Elderberry propagation might sound tricky and intimidating, but it’s simpler than you’d think! In fact, between creating clones via cuttings or starting new plants from seed, growing elderberry from cuttings is actually the easier way to get your hands on new plants!
With just a sharp pair of pruning shears, a pot of soil, and a healthy elderberry tree, you’ve got all you need to try this method out for yourself. Read on, if you want to find out how!
RELATED ARTICLE: Elderberries: How to Harvest, Preserve & Use!
Taking the Cuttings
Take elderberry cuttings in winter or very early spring, from dormant canes. These are known as hardwood cuttings. January to February is the best time in our area (Zone 7a). You can take cuttings all the way up to the first signs of leaf-buds, if needed – some say all the way up to late March is still a good time!
When selecting branches for your cuttings, take them pencil thick, ensuring there’s 2-4 leaf nodes per cutting. Pay attention to which way the branch is pointing as you cut. Cut the tops of the cuttings flat, and the base of the cuttings at an angle, making a diagonal slant.
Place cuttings in a glass or bucket shallowly filled with water as you cut them. Don’t completely submerge the cuttings, but make sure the diagonally cut side is pointing down and covered by water.
Optional Step – Soaking
If you want, you can soak your cuttings for up to 24 hours in a glass of clean water before planting. Leave them somewhere shady and cool, out of direct sunlight, but also making sure they can’t get so cold that they end up freezing.
This is not required, but may boost your chances of a successful rooting.
Fill some 4 inch pots with pre-moistened potting soil. 4 inch pots can hold one cutting per pot- larger pots can hold more, but don’t overcrowd. Make sure your pots have drainage holes.
Take a cutting, and, diagonal-side down, insert it into the moistened soil, sticking straight up. The cuttings should have at least 1 set of leaf nodes covered by the soil, and at least 1 set of leaf nodes above it. Firmly tamp the soil around the elderberry cuttings.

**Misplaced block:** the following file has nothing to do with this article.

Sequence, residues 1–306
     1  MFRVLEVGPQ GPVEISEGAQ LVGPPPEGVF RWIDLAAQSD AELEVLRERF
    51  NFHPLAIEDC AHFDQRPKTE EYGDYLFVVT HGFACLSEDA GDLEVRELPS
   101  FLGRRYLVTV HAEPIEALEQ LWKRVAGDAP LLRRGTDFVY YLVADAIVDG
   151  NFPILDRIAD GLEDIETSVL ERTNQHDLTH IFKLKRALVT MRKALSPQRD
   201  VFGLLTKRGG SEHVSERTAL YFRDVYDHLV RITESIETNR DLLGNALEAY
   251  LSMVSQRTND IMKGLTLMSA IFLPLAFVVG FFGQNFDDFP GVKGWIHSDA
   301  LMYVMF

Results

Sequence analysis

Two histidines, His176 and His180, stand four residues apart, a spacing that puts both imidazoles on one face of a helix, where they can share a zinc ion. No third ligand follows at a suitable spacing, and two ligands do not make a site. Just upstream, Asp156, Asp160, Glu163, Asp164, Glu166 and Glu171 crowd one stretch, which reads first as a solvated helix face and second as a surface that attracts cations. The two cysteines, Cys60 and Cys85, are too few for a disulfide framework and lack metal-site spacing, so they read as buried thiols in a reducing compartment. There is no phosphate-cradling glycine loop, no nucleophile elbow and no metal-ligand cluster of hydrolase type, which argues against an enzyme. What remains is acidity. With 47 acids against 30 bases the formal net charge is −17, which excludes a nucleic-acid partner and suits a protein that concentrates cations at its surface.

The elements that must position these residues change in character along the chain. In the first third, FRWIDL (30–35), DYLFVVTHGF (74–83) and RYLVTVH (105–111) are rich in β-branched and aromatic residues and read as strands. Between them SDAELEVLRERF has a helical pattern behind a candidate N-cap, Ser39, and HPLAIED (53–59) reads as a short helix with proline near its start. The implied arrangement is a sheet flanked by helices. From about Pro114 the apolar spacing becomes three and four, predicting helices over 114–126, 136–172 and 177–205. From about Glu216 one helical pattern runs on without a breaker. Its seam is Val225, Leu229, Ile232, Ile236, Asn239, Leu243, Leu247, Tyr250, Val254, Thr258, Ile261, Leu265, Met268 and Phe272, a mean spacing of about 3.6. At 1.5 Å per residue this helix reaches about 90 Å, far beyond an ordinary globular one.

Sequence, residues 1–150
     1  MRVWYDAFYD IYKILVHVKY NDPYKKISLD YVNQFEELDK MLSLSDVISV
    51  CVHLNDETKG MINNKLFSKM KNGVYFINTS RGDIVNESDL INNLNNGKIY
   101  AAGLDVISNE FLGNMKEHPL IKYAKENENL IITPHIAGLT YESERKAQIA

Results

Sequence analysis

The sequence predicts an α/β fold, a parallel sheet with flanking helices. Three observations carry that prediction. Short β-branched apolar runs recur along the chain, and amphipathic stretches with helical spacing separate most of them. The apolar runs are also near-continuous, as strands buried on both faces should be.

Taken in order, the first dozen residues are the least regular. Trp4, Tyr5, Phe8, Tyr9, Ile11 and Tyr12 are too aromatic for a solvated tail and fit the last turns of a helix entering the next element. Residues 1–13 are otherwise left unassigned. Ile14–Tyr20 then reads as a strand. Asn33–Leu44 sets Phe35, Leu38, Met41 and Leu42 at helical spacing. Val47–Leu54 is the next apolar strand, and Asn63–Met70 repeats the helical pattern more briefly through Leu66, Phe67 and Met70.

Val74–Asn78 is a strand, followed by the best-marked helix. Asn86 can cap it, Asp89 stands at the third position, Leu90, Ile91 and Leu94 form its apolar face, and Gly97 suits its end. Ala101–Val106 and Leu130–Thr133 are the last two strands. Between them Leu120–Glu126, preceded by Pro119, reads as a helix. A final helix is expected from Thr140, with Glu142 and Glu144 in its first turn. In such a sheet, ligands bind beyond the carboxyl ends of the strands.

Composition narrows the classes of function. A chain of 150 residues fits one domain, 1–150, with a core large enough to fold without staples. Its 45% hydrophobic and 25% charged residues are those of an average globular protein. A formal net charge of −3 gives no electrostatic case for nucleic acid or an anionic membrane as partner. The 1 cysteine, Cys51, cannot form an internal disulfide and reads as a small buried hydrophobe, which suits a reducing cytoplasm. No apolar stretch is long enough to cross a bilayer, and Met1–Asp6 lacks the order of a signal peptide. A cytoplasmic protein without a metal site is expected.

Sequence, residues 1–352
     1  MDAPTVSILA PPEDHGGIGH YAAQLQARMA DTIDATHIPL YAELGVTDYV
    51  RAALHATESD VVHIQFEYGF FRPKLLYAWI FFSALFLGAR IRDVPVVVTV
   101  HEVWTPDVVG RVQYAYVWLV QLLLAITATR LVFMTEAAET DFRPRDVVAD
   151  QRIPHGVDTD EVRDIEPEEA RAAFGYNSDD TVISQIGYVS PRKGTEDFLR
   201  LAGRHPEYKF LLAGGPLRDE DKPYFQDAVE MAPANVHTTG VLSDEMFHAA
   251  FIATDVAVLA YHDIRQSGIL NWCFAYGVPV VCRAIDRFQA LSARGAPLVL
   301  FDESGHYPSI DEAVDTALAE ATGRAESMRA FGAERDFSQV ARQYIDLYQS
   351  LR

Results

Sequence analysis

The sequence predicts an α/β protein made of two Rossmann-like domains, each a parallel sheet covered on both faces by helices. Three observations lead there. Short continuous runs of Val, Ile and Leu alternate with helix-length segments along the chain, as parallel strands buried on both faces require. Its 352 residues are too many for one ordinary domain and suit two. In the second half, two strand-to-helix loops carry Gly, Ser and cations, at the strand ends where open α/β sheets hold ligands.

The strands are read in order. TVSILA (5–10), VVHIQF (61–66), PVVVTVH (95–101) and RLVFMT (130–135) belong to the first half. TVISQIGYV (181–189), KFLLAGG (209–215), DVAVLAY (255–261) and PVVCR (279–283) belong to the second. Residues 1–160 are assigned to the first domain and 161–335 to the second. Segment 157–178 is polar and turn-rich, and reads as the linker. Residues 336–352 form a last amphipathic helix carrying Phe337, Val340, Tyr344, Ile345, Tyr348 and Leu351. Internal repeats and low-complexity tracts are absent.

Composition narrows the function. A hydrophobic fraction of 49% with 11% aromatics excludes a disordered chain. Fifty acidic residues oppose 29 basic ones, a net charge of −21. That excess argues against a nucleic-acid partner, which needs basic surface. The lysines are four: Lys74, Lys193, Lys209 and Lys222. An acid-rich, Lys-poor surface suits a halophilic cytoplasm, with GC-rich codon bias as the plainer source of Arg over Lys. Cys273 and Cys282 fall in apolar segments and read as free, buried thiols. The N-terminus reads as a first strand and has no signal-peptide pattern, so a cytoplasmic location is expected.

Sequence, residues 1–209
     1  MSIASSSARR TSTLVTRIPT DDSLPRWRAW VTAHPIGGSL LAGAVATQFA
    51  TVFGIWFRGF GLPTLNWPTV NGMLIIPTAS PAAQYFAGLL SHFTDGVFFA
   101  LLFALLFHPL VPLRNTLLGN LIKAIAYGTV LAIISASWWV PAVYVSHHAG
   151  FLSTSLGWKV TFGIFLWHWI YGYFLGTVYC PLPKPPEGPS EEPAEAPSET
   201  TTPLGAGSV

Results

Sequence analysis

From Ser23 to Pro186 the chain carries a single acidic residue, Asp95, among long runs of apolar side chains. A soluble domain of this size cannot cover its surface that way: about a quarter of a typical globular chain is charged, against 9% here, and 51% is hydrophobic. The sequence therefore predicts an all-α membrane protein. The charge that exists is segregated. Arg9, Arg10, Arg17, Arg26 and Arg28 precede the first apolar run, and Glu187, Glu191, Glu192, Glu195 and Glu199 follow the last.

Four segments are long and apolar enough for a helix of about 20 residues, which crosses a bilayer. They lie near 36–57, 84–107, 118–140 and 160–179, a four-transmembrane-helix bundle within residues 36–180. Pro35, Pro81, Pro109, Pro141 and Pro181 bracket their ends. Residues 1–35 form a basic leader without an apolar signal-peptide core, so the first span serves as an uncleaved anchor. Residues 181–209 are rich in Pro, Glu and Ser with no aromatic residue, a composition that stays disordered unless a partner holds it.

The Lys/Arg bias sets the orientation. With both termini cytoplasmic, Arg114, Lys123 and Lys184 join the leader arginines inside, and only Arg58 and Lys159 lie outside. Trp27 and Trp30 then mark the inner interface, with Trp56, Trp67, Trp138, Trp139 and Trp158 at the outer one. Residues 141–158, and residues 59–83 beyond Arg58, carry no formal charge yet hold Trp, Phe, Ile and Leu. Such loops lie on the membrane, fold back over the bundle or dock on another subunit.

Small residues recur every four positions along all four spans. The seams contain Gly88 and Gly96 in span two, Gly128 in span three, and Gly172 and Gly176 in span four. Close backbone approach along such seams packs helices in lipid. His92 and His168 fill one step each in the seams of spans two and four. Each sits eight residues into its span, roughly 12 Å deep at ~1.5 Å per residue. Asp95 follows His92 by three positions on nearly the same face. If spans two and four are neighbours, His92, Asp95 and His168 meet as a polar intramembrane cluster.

Place the pots in a cool, shady location where they’ll be undisturbed, such as the edge of the woods, and keep moist. Some people use a clear plastic bag to make a greenhouse top, but this isn’t required- we don’t use it.
Leave them undisturbed for 6-12 weeks, unbothered beyond keeping them watered, and resist the urge to fiddle with them. Pulling them up to see if there’s any rooting can break those same fragile new roots right off!
In 6-12 weeks, you should begin seeing new growth.
What about Rooting Hormone?
We don’t like using rooting hormones with our plants. It’s entirely possibly to get beautiful, healthy elderberry plants from cuttings without a single bit of rooting hormone. All the plants shown in this post were grown without it!
If you do want to use rooting hormone, follow the instructions on the container of the hormone to dip and plant cuttings.
Transplanting Young Elder Plants
Are they rooted yet?
Just because your plants are showing some green, it doesn’t mean they’re ready to plant, not quite yet!
Sometimes cuttings start putting off green growth without having put out roots first. You don’t want to turn them out their pots to check, because that would disturb the process, but you do want to make sure your cuttings are actually rooting. So how do you do that?
It’s easy! Just take your thumb and forefinger and gently tug on the cutting you took. No strong force behind it! If the cutting starts to move- if it feels like you could just pull it right out the soil with no resistance- rooting is nonexistent or extremely minimal.
However, if you feel resistance, the cutting has likely started to root. If it feels as though it doesn’t want to budge from the soil in the slightest, very solidly in place, then it’s absolutely rooted!
When and How to Transplant
To ensure the roots are capable of handling transplant, after the cuttings have shown signs of rooting, we like to wait about more 4 weeks for the cuttings to develop a strong root system.
Once you’re sure the cuttings are well-rooted, you’ll want to choose a spot to plant your elderberries.
Elderberries are hardy, but they do poorly in very dry conditions. Too much shade or indirect light will prompt low berry production. About 6-8 hours of sunlight is a nice amount for an elderberry, so a nice sunny area is preferable.
If your elderberry doesn’t like where it’s been planted, like most plants, it will end up stunted or dying. If this happens to you, make note of the location, and try a different spot!